teens are thrust into the frontline between
ruthless drug traffickers and the heavy-
handed law enforcement.
Lining up before the judge were
youngsters accused of everything from
possessing marijuana to mugging in the
rich tourist zones and armed car theft.
Eight adolescents were accused in the
murders of two other kids in a detention
center, hanging them with bed sheets.
Among the public was the grand-
mother of one of the accused, a woman
in her eighties who appeared confused by
the proceedings and then almost fainted
as she left.
Crime’s foot soldiers
Street crime has been on the increase
in Brazil’s second largest city since the
end of the 2016 Olympic Games and the
perpetrators are often disturbingly young.
Favela kids grow up surrounded by
drugs and firearms, meaning an early
death for some and trouble with the law
for many others. Official figures from
2012 recorded that 1.9 of every 1,000
adolescents in Rio had been detained at
Sixty percent of young detainees
are black, 66 percent are very poor, and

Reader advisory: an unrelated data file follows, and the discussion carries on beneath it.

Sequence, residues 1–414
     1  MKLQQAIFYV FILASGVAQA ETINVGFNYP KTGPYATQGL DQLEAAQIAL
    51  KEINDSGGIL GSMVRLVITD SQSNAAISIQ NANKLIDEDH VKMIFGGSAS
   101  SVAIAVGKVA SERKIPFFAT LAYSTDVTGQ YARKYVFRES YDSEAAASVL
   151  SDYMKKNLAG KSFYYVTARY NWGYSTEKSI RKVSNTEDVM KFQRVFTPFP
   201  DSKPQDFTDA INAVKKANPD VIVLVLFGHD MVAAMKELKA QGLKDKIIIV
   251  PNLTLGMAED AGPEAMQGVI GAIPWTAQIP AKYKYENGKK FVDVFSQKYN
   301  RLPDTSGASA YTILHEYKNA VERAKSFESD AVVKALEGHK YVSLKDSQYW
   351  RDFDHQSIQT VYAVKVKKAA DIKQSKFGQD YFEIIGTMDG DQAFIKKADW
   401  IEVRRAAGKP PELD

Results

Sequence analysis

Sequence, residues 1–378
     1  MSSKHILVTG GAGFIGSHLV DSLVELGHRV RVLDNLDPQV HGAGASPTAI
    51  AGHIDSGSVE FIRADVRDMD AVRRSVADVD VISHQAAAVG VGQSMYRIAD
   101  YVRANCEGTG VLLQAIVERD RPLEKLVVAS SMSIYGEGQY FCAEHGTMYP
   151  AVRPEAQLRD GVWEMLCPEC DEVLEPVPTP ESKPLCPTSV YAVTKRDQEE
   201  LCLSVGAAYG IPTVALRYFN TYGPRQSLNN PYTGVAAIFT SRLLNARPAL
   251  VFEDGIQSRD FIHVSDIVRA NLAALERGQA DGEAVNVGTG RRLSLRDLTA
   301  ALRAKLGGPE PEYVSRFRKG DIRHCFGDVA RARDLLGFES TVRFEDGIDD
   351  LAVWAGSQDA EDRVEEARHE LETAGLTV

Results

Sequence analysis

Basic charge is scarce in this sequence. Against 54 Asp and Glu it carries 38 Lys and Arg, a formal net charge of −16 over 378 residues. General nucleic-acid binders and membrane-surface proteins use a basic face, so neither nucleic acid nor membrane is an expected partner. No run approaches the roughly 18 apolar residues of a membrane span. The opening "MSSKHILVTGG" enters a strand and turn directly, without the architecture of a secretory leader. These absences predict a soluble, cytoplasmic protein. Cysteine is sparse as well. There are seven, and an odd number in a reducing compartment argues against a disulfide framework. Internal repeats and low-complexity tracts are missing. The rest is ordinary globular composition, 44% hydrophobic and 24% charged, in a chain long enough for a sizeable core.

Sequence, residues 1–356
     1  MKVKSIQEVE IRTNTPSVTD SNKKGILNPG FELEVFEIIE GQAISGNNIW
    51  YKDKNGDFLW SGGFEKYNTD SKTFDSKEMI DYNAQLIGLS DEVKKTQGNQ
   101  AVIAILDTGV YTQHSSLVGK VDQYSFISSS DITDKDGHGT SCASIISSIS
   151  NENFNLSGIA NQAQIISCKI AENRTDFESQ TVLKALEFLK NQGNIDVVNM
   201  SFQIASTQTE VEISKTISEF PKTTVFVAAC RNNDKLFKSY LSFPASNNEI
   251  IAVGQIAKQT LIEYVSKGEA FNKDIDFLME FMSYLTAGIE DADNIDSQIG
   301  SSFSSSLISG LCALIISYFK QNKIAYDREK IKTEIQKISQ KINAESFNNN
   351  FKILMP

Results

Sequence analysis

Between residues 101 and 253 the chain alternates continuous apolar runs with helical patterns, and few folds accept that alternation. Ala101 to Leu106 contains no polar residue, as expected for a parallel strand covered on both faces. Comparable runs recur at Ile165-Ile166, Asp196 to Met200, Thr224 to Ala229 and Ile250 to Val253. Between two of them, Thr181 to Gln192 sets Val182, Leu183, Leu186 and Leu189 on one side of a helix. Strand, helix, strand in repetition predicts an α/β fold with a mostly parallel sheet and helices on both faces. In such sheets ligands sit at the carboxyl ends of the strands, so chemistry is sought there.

more than half do not go to school and
come from broken families, according to
a study by the Instituto de Investigacion
Economica Aplicada (IPEA).
Of those detained in 2017, 41 percent
were accused of drug dealing, 37 percent
of robbery and mugging, 19 percent of
causing bodily harm, and just under four
percent of murder, said Degase, the cor-
rectional department for minors.
Many have fallen prey to the drug
traffickers’ promise of quick money.
Dealers like to use children because even
if they are convicted, the maximum pris-
on sentence applied to 12-18 year olds is
One of those locked up, asking not
to be identified, said he had left home at
14 and begun to “shoot” for the dreaded
Comando Vermelho, or Red Command,
which is Rio’s biggest drug gang.
Now just turned 18, he was at the ju-
venile court on charges of having stolen
a car in the violent Rio suburb of Duque
“We have few opportunities. We are
from the favela and people treat us like
animals,” said the young man.
The head judge, Vanessa Cavalieri,
said that poor youths have been let down
by government policies. Still, they have a
choice of path, she said, and her job is to
make them realize that.
“I think early intervention by law en-
forcement is much more effective. Once
they’re older it’s a lot harder to turn them
back,” she said.
“When a youth is detained he loses
the illusion that crime is good for bring-
ing adrenalin or money and that he can
do what he wants and get away with it.
Many have got used to having no limits
and here we show them that choices have
consequences,” she said.